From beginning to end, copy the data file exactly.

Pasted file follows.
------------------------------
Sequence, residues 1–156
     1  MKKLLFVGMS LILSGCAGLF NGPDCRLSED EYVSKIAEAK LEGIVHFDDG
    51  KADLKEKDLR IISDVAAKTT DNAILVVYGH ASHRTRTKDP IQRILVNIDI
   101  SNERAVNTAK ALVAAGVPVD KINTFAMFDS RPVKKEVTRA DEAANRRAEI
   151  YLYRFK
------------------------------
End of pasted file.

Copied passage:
Sequence, residues 1–156
     1  MKKLLFVGMS LILSGCAGLF NGPDCRLSED EYVSKIAEAK LEGIVHFDDG
    51  KADLKEKDLR IISDVAAKTT DNAILVVYGH ASHRTRTKDP IQRILVNIDI
   101  SNERAVNTAK ALVAAGVPVD KINTFAMFDS RPVKKEVTRA DEAANRRAEI
   151  YLYRFK